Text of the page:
This article shows a reflection on How to Ethically Secure People Analytics, by Andy Hames, Dec. 2021.
One of the by-products of the decade-long wave of enterprise digital transformation is the upsurge in the need of people analytics. This is an era in which almost all of the behaviors will leave its digital footprint. When making hiring, retention and even lay-off decisions, HRs are not only relying on traditional surveys and feedback sessions, but also are increasingly more eager to explore the possibility of looking into employees’ data records of their day-to-day interactions. However, such desire of data granularity is often in conflict with developing an inclusive culture. How should enterprises draw the line between “gaining sufficient data” and “avoid being a big brother”?
Looking into the history, there are so many lessons where enterprises failed after crossing the line of data privacy. For example, employees at The Daily Telegraph were asked to work with individual sensors at their desks. The initial intention was to use such sensors to collect office utilization data, hence to guide the decision-making on if they need to additional office space. However, such move was regarded as offensive by employees and sensors were removed by the end of the day.
The concept of “data-driven decision making” became prevalent as the penetration algorithms in enterprise world grows. Tik tok, as an example, is relying purely on viewership-related datasets to determine which content will gain more exposure. Such ‘data liberalization’ mindset has also been seen in the people analytics practices. Many people see data gained via ‘listening’ to employees’ email contents/phone call records/trip details are making better predictors of who the employees really are, and what they are really thinking and caring about. However, this view does not count the fact that the employer’s surveillance behavior itself will create impacts on how their employees will behave. Quantitative measures should never been built on sacrificing qualitative and unmeasurable factors like organization culture.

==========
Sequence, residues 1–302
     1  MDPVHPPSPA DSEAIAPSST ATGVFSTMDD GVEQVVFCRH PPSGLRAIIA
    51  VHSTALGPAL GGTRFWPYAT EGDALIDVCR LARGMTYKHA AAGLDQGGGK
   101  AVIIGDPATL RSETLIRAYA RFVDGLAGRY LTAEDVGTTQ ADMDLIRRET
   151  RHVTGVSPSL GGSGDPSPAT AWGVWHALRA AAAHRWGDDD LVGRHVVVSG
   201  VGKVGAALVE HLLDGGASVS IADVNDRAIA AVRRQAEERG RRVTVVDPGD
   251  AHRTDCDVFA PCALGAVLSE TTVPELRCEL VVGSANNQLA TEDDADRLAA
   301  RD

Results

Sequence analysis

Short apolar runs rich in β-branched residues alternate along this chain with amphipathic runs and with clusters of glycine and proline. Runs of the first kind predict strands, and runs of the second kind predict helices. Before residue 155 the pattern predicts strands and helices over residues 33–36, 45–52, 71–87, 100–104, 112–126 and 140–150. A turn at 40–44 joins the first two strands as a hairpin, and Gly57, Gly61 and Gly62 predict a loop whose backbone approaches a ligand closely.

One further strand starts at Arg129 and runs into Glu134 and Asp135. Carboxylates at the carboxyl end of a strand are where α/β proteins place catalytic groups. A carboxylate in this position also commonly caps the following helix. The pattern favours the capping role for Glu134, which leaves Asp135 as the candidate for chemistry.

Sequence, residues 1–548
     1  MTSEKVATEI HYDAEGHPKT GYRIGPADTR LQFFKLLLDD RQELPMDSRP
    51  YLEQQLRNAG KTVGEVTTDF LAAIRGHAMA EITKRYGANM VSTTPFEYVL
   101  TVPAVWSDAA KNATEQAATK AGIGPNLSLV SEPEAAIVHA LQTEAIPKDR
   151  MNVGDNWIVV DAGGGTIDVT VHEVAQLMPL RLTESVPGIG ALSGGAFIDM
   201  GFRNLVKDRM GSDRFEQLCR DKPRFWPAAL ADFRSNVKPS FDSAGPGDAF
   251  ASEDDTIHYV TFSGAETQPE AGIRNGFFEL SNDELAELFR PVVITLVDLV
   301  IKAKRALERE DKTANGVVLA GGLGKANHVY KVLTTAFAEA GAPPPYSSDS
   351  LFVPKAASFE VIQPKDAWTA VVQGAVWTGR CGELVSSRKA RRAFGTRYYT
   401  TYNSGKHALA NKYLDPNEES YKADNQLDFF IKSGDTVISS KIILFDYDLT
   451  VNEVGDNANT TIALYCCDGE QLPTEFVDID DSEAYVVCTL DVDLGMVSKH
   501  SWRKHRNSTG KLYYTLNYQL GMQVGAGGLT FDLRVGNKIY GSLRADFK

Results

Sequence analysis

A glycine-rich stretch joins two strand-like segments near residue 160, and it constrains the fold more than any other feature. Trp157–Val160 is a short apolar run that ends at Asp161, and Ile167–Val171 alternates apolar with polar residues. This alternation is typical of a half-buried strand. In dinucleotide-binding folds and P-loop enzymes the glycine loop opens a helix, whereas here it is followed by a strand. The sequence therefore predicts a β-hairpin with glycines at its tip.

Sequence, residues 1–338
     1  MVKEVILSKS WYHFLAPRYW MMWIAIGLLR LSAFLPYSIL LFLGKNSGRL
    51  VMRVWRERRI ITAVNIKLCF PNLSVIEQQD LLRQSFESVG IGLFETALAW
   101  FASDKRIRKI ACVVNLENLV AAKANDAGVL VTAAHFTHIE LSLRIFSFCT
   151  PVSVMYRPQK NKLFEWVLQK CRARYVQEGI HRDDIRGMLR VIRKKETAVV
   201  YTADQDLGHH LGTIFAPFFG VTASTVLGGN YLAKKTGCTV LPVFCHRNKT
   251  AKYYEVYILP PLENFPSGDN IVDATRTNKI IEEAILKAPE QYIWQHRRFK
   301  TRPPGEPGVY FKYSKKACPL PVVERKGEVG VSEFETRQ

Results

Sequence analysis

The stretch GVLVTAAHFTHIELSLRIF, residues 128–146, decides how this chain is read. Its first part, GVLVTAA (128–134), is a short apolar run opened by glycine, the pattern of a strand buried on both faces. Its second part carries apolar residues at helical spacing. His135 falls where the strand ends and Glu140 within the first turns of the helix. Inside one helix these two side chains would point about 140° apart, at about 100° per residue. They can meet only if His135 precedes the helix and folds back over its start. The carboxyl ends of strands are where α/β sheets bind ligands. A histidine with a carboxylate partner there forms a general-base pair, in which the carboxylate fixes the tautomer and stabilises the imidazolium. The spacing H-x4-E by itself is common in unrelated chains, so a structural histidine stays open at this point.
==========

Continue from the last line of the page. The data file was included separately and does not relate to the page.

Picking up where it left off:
Not to mention the risk of falling into the pitfall of bias. In 2018, Amazon was reportedly abandoned their AI recruitment system, based on the concern of creating systematic bias. The system will tell itself that “male candidates are more preferable” by analyzing historical data.
However, we should never neglect the fact that data analysis has provided another strong reference in people-decision-making. “Algorithm-aided decision making” method requires human to be the final decision-maker, and count on human’s deliberate judgement on how to trade-off quantitative input collection versus qualitative organization culture.
Don’t let “Big Data” become “Big Brothers”